The next step in the discussion about high frequency trading leads logically to the topic of dark pools. I’m constantly mind-boggled to see the same people who were railing against high frequency trading proceed to dark pools as their next target. Why is this so surprising to me? It’s simple: dark pools are the antidote to high frequency trading. They’re where you go to hide from the computer algorithms who are making lightening fast trades in reaction to the bids and offers you post in the marketplace.
Let’s take a quick step back. One component of high frequency trading is what I’ll call “pattern mappers” – algorithms that try to deduce how stock prices are going to move based on the bids and offers that are lining up in the marketplace on open books. For example, if XYZ normally trades one million shares a day, and there is a bid posted for 100,000 shares, it might be reasonable for a high frequency trading algorithm, or any other market participant for that matter, to assume that there is more demand for shares than there is supply, and that the price of XYZ will go higher. Of course, there is no guarantee that this will happen, and the person buying 100,000 XYZ may not ever change his limit. So, the algorithm, we’ll call her Patty Pattern Mapper, buys stock in XYZ hoping to sell it to the buyer at a higher price. The big buyer, we’ll call him Donnie Dark Pool, has other options though. Instead of exposing his bid to Patty’s pattern mapping algo on the NYSE, he can enter his order in a dark pool, where no one can see the order. If, and only if, there is someone on the other side of his trade willing to sell shares to Donnie, the stock will trade.
Now, there are some key facts about dark pool trades that lots of people either ignore or fail to understand. First, all dark pool trades, like any other trades, are required to be reported to the tape within 90 seconds. Second, all dark pool trades, like any other trades, in accordance with Reg NMS, are required to take place within the inside market – the NBBO – national best bid/offer. So, no matter how much Karl Denninger would like to construct an example where a stock is trading at $10 on the “open exchange” and there is a seller in a dark pool willing to sell shares at 9.90, which are instantly snatched up by Goldman Sachs for $9.90 to resell to the open market at $10 – that simply does not happen. The dark pool either routs the seller’s order to the open $10 bid, the stock trades at $10 or better in the dark pool, or no trade takes place.
Third, and most importantly, trades in a dark pool, or in any other marketplace, only happen when there are matching supply and demand for shares at a given price. One misconception is that dark pools somehow unfairly allow buyers to buy large blocks of stock without moving the price. Huh? Yeah – they can buy large blocks of stock if there is someone willing to sell large blocks of stock. Otherwise, they can either raise their bid in the dark pool until they find liquidity, or not buy shares. It’s impossible to buy “large volumes of shares” at “small volume prices.”
An erroneous critique related to this third point is that “large supply of stock should make prices go lower in an open market.” David Weidner’s column on Marketwatch gives an example of this common thought error:
“The problem, of course, is that bulky trades move markets. If I’m at Merrill Lynch and I need to unload 500,000 shares of XYZ, I can place the order in dribs and drabs — through the multiple public markets out there including the Nasdaq, EDGE and Arca. But that order still is going to pressure XYZ’s share price. Also, I’m going to be giving myself away. It also means that XYZ’s share price should be lower because there are more shares for sale than buyers. That’s how free markets are supposed to work, right?”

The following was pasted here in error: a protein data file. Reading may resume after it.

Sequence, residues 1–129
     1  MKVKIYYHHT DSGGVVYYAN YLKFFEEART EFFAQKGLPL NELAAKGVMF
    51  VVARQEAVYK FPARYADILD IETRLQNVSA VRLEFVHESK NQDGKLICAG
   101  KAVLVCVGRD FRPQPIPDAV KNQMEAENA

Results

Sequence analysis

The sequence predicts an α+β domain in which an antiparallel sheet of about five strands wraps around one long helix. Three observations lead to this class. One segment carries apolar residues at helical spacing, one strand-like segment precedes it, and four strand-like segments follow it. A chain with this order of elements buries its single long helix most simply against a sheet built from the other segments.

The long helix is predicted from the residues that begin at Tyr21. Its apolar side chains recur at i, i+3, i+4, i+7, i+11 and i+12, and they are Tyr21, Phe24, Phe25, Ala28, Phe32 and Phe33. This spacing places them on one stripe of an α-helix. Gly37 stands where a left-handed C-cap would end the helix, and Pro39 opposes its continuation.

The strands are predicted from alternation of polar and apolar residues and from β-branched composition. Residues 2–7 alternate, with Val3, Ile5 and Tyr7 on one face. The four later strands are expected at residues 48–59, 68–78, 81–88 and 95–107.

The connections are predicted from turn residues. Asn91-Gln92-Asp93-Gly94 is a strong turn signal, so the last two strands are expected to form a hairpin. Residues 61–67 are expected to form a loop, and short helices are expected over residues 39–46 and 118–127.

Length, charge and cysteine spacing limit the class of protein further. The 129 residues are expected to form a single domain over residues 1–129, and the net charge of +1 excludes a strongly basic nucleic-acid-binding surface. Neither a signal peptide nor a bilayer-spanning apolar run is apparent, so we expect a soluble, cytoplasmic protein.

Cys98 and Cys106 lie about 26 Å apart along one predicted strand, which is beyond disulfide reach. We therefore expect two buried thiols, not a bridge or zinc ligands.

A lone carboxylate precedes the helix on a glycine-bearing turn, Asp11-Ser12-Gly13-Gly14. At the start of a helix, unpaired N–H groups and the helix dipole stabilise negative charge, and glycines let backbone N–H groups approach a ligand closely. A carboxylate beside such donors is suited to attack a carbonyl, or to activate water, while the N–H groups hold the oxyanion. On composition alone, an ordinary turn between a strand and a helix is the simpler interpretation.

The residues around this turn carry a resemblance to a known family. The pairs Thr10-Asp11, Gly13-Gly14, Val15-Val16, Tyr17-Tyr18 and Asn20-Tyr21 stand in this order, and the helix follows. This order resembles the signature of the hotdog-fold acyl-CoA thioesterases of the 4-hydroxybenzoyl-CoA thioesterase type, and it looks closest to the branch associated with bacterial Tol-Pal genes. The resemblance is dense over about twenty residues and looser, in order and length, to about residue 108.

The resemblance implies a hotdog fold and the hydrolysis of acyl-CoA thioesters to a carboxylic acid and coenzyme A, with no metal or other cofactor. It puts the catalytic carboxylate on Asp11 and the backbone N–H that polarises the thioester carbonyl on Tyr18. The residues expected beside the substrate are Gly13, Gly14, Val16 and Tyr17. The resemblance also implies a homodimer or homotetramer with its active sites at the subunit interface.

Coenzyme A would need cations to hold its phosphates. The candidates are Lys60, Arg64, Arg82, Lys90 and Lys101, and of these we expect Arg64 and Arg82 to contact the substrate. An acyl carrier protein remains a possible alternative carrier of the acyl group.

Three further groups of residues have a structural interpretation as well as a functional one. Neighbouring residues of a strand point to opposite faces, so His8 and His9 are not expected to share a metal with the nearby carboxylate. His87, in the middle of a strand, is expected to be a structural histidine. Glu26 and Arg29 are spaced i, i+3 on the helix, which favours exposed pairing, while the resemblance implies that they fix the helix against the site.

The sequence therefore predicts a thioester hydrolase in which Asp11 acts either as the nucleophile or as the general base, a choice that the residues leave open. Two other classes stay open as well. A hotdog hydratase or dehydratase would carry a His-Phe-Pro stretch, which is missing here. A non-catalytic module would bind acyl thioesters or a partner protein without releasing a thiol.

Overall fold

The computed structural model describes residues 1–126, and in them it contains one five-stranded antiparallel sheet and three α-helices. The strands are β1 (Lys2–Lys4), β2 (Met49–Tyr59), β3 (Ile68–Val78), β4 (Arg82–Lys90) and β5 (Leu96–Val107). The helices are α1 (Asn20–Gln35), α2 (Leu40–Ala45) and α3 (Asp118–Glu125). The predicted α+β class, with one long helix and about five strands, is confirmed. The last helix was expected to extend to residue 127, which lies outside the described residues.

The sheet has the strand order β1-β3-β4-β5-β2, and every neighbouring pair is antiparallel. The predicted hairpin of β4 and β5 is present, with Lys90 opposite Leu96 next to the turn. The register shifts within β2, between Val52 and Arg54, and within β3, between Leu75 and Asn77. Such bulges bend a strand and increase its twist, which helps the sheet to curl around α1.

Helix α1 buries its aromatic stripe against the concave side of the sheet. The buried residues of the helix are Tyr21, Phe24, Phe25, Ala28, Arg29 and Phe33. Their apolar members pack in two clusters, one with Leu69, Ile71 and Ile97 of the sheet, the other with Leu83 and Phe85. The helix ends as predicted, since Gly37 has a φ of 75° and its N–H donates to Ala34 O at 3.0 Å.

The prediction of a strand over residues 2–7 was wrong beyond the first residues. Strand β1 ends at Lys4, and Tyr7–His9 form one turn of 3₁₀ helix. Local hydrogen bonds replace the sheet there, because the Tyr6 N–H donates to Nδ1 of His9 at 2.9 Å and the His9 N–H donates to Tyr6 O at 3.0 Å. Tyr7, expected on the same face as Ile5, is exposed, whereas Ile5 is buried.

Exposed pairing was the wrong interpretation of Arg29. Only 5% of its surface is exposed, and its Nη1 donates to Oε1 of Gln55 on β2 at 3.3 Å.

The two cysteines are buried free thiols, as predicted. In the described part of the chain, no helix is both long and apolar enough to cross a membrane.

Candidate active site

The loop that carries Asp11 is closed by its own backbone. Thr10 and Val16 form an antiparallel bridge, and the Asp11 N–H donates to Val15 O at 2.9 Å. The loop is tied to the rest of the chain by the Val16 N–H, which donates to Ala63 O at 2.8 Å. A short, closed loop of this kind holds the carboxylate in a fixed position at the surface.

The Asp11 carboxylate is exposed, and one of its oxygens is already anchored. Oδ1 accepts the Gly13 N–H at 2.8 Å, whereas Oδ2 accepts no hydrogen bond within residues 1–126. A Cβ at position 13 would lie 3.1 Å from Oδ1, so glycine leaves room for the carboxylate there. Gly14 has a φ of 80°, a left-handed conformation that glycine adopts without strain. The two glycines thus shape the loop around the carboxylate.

Is that how free markets are supposed to work? If I want to sell stock at $15, large amounts of it, then the stock should trade lower? No – I don’t think that’s a requirement of good, free, efficient markets at all. Although, it is one area of market inefficiencies that the high frequency pattern mappers are experts at implementing. The truth is that if I want to sell 1mm shares of stock at $15, the price need not go down at all. The price goes down only when there is no one willing to pay $15 and I lower my limit to $14.95. Then, when I exhaust the demand at $14.95, the price goes down again when I lower my price to $14.90. Supply of stock at a given price (say $15) does not make a stock go lower. Supply of stock at increasingly lower prices without a corresponding match in demand makes a stock go lower – this is a key point, and is not semantic nitpicking. We’re so accustomed to trading off of what we think other traders are going to do that it requires some philosophical forethought to understand this concept.
In the ideal market, I believe that the entire marketplace would be dark – we need not even see bid and ask prices – just one last price. Everyone can enter their bids and offers – their supply and demand – into this one big dark pool, and trades would print as matches were made, with no one worrying about being out-traded by Patty Pattern Mapper.
I believe it’s totally consistent to have the view that both dark pools and high frequency trading algorithms which exploit the bids and offers they see on open exchanges are ok. However, I think it’s logically impossible to be against both these pattern mappers and the dark pools which enable other traders to hide from them. Furthermore, I believe its clear that individual investors are not disadvantaged by dark pools, and elimination of dark pools would result in higher execution costs.